Abstract basic elements which these characters are composed

Abstract

This
paper presents a novel approach for Sinhala handwritten character recognition
using a part based matching technique. Sinhala is a language used by Sinhalese
the major ethnic group in Sri Lanka. The Sinhala character set consist of some
common parts. Therefore the characters can be split in to its parts. Each part
in turn can be considered as an atomic element which these characters are
composed of. The proposed method splits the characters to their atomic parts
and then conduct the recognition process. Template matching is used to compare
the character parts and characters. To improve the recognition process the
global characteristics of the characters are used.

 

Keywords: Sinhala characters,  Part-based approach

 

Introduction

Character
recognition is a procedure of converting images of handwritten, typewritten or
printed text into machine encoded code or text (Schantz, 1982). Most of the hand written character recognition
methods has been proposed for the recognition of scripts such as English and Chinese.
Few attempts has been taken on the Asian languages such as Sinhala. Sinhala is the
language used by Sinhala people, the major ethnic group in Sri Lanka. The
characters in the Sinhala alphabet share some common parts. Hence Sinhala
characters can be split to a set of parts which can be considered as the basic
elements which these characters are composed of. Each Sinhala character can be
formed by a set of distinct parts.

Part-based
approaches have been experimented for object recognition with promising results.
Most of the work consider the problem of matching corresponding parts of
objects across different images. The part-based methods can be applied for the
experiments in character recognition as well. There is no research done in the
area of evaluating the influence of decomposing Sinhala characters, recognizing
them in a part wise manner and combining the results to character recognition.

Most
of the related work for decomposing characters has been experimented on Chinese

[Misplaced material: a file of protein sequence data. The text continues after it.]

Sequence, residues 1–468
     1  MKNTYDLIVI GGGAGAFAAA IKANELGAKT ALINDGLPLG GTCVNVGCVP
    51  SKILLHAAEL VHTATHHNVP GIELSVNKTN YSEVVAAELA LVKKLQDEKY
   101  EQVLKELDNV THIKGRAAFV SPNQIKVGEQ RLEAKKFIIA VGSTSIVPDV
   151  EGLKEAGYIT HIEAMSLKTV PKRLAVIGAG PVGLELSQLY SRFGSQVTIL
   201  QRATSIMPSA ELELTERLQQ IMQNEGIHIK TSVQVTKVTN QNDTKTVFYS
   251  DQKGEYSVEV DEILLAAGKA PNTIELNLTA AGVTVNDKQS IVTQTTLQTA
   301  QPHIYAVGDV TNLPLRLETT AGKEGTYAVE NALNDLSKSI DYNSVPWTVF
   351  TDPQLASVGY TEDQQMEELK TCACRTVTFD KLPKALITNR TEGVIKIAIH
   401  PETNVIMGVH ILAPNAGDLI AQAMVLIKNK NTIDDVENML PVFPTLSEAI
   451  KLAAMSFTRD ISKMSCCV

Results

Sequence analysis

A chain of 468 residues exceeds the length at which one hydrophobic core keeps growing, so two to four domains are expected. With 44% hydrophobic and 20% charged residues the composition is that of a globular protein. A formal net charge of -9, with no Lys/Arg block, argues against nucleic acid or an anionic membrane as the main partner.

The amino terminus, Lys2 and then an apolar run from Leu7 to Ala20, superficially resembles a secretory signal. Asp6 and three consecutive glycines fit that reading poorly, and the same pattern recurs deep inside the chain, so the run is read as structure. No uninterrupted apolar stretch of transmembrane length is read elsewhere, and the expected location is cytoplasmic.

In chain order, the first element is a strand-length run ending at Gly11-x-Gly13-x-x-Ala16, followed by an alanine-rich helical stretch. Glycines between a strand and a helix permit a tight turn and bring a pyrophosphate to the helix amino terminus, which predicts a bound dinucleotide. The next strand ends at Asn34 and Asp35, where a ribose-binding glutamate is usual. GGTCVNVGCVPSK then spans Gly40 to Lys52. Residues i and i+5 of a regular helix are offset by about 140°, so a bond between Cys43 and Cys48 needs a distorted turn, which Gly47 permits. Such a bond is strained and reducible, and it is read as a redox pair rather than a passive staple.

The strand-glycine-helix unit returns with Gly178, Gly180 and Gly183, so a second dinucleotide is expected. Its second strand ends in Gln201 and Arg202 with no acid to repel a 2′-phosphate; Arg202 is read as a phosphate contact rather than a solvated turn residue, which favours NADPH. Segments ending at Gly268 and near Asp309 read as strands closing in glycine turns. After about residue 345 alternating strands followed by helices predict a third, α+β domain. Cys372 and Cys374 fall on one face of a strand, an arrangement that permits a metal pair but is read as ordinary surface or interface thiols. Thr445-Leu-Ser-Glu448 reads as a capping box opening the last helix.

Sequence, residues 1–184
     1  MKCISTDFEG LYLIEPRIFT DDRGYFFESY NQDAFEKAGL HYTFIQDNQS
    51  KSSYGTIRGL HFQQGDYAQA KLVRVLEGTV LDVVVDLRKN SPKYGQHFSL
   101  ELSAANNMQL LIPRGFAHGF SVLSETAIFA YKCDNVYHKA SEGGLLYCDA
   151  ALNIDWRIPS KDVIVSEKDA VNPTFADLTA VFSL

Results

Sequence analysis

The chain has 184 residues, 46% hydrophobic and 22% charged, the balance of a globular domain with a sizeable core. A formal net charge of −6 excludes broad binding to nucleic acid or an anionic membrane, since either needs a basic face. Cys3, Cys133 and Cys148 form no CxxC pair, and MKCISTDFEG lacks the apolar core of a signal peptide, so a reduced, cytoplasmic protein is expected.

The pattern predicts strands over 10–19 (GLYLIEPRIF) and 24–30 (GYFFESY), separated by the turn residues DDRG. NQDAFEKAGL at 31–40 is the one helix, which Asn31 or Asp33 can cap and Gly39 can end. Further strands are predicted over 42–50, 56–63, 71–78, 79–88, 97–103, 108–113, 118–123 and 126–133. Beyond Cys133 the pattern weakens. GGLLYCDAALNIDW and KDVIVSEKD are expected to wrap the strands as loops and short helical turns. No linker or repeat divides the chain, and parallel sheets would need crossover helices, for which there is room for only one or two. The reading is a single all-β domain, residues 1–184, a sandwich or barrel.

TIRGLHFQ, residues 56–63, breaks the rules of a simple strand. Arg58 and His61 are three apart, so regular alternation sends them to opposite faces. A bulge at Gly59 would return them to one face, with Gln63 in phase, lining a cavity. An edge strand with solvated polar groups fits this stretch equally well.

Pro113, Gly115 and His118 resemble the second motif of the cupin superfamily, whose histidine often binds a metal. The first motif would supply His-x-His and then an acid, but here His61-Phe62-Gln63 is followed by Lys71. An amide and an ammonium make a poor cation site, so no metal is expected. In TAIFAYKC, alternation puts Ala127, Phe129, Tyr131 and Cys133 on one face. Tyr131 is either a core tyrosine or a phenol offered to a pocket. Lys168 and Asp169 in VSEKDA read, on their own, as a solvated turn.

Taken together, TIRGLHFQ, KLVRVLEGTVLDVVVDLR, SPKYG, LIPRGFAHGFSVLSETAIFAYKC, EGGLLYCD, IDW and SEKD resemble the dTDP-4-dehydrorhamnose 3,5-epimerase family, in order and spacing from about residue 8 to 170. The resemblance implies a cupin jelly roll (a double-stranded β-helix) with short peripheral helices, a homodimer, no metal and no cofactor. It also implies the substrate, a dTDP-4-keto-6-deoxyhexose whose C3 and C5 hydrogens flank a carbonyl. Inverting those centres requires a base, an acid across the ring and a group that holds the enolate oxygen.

characters (Cao,
R. & Tan, C. L., 2000), (Lin, F. & Tang, X., 2002) 5, 6. The reason is that the Chinese characters can be easily
decomposed to a set of basic character parts. Because of the nature of using
straight lines in Chinese characters some researches have used the method of
identifying strokes of characters  (Lin, F. & Tang, X., 2002), (Su, Y. M.
& Wang, J. F. , 2003). This method is not
applicable for Sinhala characters as the straight lines are almost non-existent
in the Sinhala character set.

The
work of Matsuo, Takafumi et al.  (Matsuo, T., Song, W., Feng,
Y., & Uchida, S., 2013) is more relevant to the
work of the present research. They work on Chinese characters but they
decompose the characters in to parts which are short segments of an entire
character. Then they represent each part as a segment comprised of (2k+1)
consecutive points, where k is the radius of the part. They have used 80
elementary Chinese character classes, and extracted 25 representative parts.
Each handwriting character was then resampled to have 50 points and through
that, each character was converted in to a set of 50 parts. Those parts are
then represented as a bag-of-features, which is a histogram showing how many
parts similar to a specific representative part exist in the character. They
show that without any global structure information a 50-60% accuracy can be
attained for 80 Chinese character classes.

In
digit recognition, it is only a matter of recognizing between 10 different classes
from 0 to 9 whereas in character recognition, the number of different classes
are much higher in number.  (Wang, S., Uchida, S.,
Liwicki, M., & Feng, Y., 2013)
has presented a study of the behavior of several
part-based methods for handwritten digit recognition. According to them, even
without the usage of the global structure of the digits, the part-based method
can achieve promising recognition rates for digit recognition.

Template